This story originally appeared in The Santa Fe New Mexican.

Published Research

Machine Learning for Materials Science

By Bernard Rouet-Leduc
Abstract

Machine learning is a branch of artificial intelligence that uses data to automatically build inferences and models designed to generalize and make predictions. In this thesis, the use of machine learning in materials science is explored, for two different problems: the optimisation of gallium nitride optoelectronic devices, and the prediction of material failure in the setting of laboratory earthquakes.

Machine Learning for Materials Science



Machine learning is a branch of artificial intelligence that uses data to automatically build inferences and models designed to generalize and make predictions. In this thesis, the use of machine learning in materials science is explored, for two different problems: the optimisation of gallium nitride optoelectronic devices, and the prediction of material failure in the setting of laboratory earthquakes. Light emitting diodes based on III-nitrides quantum wells have become ubiquitous as a light source, owing to their direct band-gap that covers UV, visible and infra-red light, and their very high quantum efficiency. This efficiency originates from most electronic transitions across the band-gap leading to the emission of a photon. At high currents however this efficiency sharply drops. In chapters 3 and 4 simulations are shown to provide an explanation for experimental results, shedding a new light on this drop of efficiency. Chapter 3 provides a simple and yet accurate model that explains the experimentally observed beneficial effect that silicon doping has on light emitting diodes. Chapter 4 provides a model for the experimentally observed detrimental effect that certain V-shaped defects have on light emitting diodes. These results pave the way for the association of simulations to detailed multi-microscopy. In the following chapters 5 to 7, it is shown that machine learning can leverage the use of device simulations, by replacing in a targeted and efficient way the very labour intensive tasks of making sure the numerical parameters of the simulations lead to convergence, and that the physical parameters reproduce experimental results. It is then shown that machine learning coupled with simulations can find optimal light emitting diodes structures, that have a greatly enhanced theoretical efficiency. These results demonstrate the power of machine learning for leveraging and automatising the exploration of device structures in simulations. Material failure is a very broad problem encountered in a variety of fields, ranging from engineering to Earth sciences. The phenomenon stems from complex and multi-scale physics, and failure experiments can provide a wealth of data that can be exploited by machine learning. In chapter 8 it is shown that by recording the acoustic waves emitted during the failure of a laboratory fault, an accurate predictive model can be built. The machine learning algorithm that is used retains the link with the physics of the experiment, and a new signal is thus discovered in the sound emitted by the fault. This new signal announces an upcoming laboratory earthquake, and is a signature of the stress state of the material. These results show that machine learning can help discover new signals in experiments where the amount of data is very large, and demonstrate a new method for the prediction of material failure.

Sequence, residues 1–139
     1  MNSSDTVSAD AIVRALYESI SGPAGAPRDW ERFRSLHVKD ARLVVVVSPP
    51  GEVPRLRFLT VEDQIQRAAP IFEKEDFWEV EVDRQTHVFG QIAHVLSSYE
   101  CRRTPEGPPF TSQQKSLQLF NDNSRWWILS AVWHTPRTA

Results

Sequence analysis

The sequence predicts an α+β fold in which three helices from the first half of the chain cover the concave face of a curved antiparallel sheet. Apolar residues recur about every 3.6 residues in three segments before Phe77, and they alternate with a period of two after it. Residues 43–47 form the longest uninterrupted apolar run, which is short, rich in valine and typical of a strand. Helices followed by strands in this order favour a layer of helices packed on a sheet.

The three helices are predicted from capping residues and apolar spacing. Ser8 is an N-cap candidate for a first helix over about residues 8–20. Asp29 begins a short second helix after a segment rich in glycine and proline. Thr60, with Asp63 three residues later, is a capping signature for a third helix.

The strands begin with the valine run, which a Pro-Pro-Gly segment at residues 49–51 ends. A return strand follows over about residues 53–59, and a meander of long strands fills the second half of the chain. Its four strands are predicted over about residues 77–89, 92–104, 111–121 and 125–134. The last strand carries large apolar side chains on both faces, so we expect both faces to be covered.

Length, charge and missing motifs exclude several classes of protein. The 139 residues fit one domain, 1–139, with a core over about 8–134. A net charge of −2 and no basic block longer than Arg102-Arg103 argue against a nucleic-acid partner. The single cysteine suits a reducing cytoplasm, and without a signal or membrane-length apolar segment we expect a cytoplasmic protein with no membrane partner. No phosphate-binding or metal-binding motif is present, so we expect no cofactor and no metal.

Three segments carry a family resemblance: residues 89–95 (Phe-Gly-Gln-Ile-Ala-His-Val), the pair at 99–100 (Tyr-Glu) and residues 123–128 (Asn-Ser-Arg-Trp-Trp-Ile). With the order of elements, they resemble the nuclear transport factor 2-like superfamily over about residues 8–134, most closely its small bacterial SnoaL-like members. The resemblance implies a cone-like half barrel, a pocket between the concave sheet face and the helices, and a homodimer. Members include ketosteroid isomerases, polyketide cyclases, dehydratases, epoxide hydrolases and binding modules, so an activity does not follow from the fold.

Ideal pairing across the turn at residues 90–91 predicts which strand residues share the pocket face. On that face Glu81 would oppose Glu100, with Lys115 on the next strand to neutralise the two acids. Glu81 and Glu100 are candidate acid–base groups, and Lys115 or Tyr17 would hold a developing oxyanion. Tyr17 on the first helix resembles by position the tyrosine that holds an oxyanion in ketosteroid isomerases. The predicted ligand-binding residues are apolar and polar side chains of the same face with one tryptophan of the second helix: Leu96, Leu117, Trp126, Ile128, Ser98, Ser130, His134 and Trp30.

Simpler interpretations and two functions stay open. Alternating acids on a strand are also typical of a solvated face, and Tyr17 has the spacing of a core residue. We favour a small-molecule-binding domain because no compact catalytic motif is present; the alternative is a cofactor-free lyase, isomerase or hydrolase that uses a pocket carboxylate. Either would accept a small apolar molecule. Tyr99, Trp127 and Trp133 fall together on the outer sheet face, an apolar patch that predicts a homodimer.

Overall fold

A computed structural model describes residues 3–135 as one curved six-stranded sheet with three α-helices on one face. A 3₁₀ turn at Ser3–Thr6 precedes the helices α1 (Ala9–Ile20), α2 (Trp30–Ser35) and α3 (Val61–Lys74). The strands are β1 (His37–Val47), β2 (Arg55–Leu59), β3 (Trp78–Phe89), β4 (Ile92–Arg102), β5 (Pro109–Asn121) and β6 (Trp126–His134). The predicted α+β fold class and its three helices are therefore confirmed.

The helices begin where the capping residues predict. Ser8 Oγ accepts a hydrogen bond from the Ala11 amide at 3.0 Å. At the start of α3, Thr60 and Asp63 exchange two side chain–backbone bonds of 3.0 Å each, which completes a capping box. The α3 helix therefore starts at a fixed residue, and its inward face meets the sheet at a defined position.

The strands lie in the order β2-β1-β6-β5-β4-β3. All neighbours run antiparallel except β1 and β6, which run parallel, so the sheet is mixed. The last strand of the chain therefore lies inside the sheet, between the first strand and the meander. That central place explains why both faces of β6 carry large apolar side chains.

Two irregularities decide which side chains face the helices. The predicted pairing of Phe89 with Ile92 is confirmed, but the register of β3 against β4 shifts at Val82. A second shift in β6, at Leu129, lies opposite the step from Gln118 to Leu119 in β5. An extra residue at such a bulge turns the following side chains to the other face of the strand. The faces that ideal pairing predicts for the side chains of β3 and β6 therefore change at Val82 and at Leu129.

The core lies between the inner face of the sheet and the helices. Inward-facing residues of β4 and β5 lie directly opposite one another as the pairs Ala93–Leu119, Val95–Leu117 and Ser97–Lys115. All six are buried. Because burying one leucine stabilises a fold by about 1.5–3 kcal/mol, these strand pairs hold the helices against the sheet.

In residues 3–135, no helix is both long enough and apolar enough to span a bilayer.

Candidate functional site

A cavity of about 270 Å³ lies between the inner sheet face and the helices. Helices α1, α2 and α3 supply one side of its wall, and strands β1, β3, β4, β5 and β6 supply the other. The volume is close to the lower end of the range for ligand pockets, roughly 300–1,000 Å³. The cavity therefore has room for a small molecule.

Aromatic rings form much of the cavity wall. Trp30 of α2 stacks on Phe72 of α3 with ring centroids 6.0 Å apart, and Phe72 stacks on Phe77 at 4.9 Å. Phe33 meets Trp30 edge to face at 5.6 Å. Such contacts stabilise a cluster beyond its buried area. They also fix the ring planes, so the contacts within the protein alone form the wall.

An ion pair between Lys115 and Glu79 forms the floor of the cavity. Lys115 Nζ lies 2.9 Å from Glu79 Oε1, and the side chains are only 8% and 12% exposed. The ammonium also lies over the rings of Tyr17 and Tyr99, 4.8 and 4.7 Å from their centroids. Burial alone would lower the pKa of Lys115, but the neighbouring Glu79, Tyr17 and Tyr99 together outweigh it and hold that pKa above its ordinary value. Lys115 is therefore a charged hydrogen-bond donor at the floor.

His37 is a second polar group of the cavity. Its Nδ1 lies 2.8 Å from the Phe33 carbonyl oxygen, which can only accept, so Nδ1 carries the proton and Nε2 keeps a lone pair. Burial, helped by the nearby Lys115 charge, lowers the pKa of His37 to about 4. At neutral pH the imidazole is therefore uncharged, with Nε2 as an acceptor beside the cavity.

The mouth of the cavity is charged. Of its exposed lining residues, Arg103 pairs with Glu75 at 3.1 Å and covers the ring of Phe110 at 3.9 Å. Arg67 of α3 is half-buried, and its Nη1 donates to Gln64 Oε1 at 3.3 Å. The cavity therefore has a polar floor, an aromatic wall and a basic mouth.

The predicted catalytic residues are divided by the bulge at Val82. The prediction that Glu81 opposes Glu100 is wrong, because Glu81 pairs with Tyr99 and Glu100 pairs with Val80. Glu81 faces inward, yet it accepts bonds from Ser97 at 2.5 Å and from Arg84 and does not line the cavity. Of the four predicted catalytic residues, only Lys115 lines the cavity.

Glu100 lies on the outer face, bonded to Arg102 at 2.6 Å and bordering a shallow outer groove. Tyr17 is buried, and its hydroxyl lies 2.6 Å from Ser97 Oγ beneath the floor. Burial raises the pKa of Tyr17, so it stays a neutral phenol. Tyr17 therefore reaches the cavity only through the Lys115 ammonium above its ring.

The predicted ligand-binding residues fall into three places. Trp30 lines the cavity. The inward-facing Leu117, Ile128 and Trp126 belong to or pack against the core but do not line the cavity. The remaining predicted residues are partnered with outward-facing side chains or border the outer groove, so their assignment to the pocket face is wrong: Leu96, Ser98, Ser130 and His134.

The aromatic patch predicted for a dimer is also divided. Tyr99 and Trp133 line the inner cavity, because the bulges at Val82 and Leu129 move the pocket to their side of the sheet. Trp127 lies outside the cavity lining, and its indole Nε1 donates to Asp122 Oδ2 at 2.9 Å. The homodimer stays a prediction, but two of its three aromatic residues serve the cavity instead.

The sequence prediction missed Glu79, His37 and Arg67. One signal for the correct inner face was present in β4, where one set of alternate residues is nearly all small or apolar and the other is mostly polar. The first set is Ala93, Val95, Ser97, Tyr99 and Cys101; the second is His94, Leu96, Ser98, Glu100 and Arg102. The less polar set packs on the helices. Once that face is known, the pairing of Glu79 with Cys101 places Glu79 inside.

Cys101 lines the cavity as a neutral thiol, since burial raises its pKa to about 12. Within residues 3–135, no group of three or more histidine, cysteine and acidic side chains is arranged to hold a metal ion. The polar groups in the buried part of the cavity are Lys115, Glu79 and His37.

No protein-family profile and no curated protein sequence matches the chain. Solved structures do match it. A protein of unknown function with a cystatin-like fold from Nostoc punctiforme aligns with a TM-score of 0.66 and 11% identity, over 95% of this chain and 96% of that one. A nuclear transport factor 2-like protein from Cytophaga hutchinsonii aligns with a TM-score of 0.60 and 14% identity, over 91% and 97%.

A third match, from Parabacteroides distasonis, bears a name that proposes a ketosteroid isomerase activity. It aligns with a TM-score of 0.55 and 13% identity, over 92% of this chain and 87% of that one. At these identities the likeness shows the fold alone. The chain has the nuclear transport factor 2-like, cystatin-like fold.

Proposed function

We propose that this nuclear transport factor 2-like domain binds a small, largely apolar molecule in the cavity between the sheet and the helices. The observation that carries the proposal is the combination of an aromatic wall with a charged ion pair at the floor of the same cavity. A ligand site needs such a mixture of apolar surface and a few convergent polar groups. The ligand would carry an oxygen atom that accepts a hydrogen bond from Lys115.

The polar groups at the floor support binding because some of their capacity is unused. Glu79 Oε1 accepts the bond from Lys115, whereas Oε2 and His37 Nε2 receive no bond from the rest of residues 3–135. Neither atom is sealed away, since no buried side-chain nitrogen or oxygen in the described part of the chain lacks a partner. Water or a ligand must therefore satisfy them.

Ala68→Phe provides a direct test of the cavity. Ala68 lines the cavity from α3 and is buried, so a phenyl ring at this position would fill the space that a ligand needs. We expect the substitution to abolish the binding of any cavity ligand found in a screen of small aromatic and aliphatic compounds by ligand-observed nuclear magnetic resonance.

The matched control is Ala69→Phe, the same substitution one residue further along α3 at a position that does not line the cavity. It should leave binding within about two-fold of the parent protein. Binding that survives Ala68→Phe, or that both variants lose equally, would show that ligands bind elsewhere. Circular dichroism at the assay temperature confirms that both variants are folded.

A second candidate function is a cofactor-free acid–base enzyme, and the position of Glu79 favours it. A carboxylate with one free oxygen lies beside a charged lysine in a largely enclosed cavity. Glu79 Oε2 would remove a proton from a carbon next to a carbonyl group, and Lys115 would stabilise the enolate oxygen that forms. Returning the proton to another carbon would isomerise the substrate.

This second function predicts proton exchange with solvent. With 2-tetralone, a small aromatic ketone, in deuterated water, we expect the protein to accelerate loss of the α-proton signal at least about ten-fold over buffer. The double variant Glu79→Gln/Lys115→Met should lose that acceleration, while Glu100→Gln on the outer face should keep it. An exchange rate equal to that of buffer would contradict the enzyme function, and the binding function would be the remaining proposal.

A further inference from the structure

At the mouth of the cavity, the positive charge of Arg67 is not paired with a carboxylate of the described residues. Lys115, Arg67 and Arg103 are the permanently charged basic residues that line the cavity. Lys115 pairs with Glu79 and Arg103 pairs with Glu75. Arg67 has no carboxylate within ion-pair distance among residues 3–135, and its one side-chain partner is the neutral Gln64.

Videos

What's That Noise? Earthquake Prediction
An acoustic signal emitted by a lab-created earthquake can help us predict how much time there is before the fault fails.

Can We Predict Earthquakes?
The only thing we know for sure about earthquakes is that one will happen again very soon.

Photos

    Black download icon A simulation, captured by a camera with a polarizing lens, represents the structure and dynamics of geological faults.

    Black download icon Geophysicist Paul Johnson holds a block of acrylic plastic used to study the dynamic interaction of elastic waves within solids, which may offer clues to understanding earthquakes.


    Expert

    Geophysicist Paul Johnson of the Los Alamos National Laboratory researches the science of predicting earthquakes.

    Paul Johnson

    Paul Johnson is a geophysicist, Los Alamos National Laboratory Fellow, a Fellow of the Acoustical Society of America, and an American Geophysical Union Fellow in the Laboratory’s Geophysics group. His research specialties include:

    • Nonlinear and Disordered Systems
    • Seismic Strong Ground Motion
    • General Acoustics
    • Rock Physics
    • Acoustical Nondestructive Testing of Materials
    • Earthquake Source Mechanics
    • Time Reverse Acoustics in Solids

    Contact

    Charles Poling, (505) 257-8006, cpoling@lanl.gov
    Nick Njegomir, (505) 665 9394, 
    nickn@lanl.gov